A critical S.C. Appeals Court decision

The state has a parallel role and DHEC has issued the necessary permits for a new terminal. Those permits also were challenged in the Administrative Law Court, but Judge Anderson ruled that those groups did not have standing. That ruling brings us to Tuesday’s appeal at the S.C. Court of Appeals in Columbia.

“The Administrative Law Court said you don’t have the right to bring this lawsuit,” Southern Environmental Law Center attorney Blan Holman explained, “but the law says ‘any affected person’ can challenge bureaucratic action and these people living next to a cruise terminal are injured,” as shown in affidavits, by noise, soot, pollution, traffic, congestion and other effects. The judge made other errors, at least according to the appellants, including “refusing to expand discovery.”

Holman, representing two of the groups appealing the ruling, added, “You can love or hate cruise ships; that doesn’t mater. You should agree that these people who are affected have the right to challenge unlawful government action.” He said, “The ruling applied the wrong legal test, ignored evidence and shouldn’t have even reached the conclusion it did as the federal courts already determined that we had standing.”

Citizens’ rights are on trial

This appeal is not merely about objecting to impacts from the cruise operations in Charleston, although that’s what brought us here. The core issue is bigger — it’s about citizen’s rights. Attorney Holman argues that, “It’s about families and property owners across the state having the right to challenge injurious government action.

“Some in S.C. want to take those rights away,” Holman submits, “and they are pursuing that agenda aggressively in the Legislature and the courts. We are fighting to defend and restore a right established with the founding of the nation and S.C. — the right to petition against the government. Upholding that right doesn’t mean we will necessarily win on the merits of the permit challenge itself. But it ensures the merits of that challenge see the light of day. Justice demands no less.”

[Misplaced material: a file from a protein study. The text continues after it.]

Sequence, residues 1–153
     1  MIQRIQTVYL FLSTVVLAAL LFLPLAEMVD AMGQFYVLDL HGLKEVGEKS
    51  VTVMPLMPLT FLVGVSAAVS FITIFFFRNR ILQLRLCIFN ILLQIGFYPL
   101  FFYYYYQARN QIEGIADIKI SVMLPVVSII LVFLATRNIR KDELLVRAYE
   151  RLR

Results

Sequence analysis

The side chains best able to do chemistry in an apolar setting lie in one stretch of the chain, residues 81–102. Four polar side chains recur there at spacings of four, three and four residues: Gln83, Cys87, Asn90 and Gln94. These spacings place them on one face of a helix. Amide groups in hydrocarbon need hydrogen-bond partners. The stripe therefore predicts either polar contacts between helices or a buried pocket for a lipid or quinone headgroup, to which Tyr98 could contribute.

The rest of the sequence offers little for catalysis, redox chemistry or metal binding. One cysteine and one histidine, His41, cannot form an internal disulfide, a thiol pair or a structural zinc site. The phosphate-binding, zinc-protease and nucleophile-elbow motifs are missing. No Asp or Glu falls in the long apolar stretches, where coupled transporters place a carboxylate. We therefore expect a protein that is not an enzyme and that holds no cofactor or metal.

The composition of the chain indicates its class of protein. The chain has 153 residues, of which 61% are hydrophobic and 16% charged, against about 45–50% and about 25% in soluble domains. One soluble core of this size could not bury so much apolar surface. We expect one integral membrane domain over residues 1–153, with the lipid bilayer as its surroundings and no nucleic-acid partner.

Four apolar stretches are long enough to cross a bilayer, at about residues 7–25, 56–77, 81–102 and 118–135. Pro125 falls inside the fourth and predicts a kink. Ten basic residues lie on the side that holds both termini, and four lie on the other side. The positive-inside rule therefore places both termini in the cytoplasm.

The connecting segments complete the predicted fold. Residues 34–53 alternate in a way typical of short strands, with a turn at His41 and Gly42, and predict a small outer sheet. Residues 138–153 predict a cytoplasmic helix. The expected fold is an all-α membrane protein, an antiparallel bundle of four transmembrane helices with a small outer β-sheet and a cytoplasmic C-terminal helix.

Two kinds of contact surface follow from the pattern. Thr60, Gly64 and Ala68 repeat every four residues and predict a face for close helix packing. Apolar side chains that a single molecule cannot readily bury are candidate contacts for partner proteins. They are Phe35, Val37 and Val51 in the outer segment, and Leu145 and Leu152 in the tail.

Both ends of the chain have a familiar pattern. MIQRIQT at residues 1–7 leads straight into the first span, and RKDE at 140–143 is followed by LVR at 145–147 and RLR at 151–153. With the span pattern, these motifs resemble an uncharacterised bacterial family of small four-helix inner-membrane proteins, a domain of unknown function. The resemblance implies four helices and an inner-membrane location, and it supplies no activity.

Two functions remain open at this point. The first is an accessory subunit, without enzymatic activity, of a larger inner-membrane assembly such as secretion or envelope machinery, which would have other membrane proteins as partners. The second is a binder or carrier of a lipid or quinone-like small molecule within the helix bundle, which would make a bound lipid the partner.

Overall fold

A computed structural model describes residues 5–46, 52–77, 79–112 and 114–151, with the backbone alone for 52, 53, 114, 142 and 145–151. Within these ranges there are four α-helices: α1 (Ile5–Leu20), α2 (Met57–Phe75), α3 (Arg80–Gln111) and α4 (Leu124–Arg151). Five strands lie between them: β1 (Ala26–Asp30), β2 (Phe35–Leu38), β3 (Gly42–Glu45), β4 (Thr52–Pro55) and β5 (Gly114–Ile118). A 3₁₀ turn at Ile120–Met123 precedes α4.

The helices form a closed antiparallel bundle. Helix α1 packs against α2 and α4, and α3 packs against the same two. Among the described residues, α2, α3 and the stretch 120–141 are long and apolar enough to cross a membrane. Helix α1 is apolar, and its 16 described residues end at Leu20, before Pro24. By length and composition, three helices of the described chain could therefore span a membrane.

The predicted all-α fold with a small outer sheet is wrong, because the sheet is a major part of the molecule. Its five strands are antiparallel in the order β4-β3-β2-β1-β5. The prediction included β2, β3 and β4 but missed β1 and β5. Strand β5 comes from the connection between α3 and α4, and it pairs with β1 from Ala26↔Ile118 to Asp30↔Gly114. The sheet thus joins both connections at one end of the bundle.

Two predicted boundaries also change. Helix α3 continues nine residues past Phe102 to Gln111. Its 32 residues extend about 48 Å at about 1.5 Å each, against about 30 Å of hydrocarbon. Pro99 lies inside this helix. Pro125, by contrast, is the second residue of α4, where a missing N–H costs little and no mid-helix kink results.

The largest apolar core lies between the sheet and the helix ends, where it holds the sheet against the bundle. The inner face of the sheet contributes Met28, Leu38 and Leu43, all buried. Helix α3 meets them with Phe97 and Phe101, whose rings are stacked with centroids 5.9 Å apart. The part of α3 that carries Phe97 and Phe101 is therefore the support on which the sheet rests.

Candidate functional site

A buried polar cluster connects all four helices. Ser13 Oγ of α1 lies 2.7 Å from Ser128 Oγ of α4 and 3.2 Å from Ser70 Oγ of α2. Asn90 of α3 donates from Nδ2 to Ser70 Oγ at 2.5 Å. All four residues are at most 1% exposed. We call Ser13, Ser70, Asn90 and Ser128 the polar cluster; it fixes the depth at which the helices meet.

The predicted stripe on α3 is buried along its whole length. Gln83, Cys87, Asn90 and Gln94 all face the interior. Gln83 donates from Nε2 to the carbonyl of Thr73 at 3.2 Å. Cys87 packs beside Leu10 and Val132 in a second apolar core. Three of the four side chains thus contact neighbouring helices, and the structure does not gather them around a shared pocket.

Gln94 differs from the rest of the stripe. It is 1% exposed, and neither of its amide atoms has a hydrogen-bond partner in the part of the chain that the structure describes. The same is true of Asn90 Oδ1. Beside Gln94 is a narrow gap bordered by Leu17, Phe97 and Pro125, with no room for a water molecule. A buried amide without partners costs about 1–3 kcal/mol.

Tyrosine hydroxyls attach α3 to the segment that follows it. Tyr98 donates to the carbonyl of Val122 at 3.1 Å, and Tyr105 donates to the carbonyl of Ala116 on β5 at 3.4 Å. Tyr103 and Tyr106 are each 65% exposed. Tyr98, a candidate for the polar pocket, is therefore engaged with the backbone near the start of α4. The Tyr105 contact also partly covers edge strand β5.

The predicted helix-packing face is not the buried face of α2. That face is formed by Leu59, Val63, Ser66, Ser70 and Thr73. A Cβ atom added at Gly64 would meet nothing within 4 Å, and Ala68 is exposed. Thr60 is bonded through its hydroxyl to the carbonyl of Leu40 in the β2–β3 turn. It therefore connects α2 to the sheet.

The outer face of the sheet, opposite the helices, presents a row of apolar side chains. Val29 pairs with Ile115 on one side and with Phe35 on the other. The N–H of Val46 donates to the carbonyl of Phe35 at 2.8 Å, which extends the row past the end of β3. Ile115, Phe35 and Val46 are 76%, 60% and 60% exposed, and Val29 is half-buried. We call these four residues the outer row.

“It would be good for the people to see the court in action. The arguments aren’t long and it’s a pretty formalized process,” Holman says. “Our side and the SPA will each have their say, interspersed by the judges’ questions. It should only take about 45 minutes. But the court’s answer to the questions raised in this case will carry statewide importance in terms of citizens’ rights.”

Kristopher King, executive director of the Preservation Society, underscored the importance of Tuesday’s court date; he said, “We’re pleased to finally have our day in court. We maintain that the community [organizations] has standing in this issue. The outcome could result in a significant negative impact to the Historic District and its residents and this is exactly what these processes are meant to prevent. We certainly hope they do in this case.”

Dana Beach, executive director of the Coastal Conservation League, added this suggestion: “There is a growing consensus that the terminal is not appropriate or acceptable in this historic part of the city. On top of the explosion of hotel rooms downtown, the congestion and visual impacts are simply too great. Charleston’s new mayor, John Tecklenburg, campaigned on reconsidering and revising the project. Now it’s time for the SPA to do its part to sustain the economy and the quality of life of Charleston by revisiting this harmful proposal.”

 

Jay Williams, Jr. arrived in Charleston in 2001 to escape the cold and relax in the warmth of a better culture and climate. This all worked well until May of 2011 when he attended a cruise terminal discussion at Physicians Hall.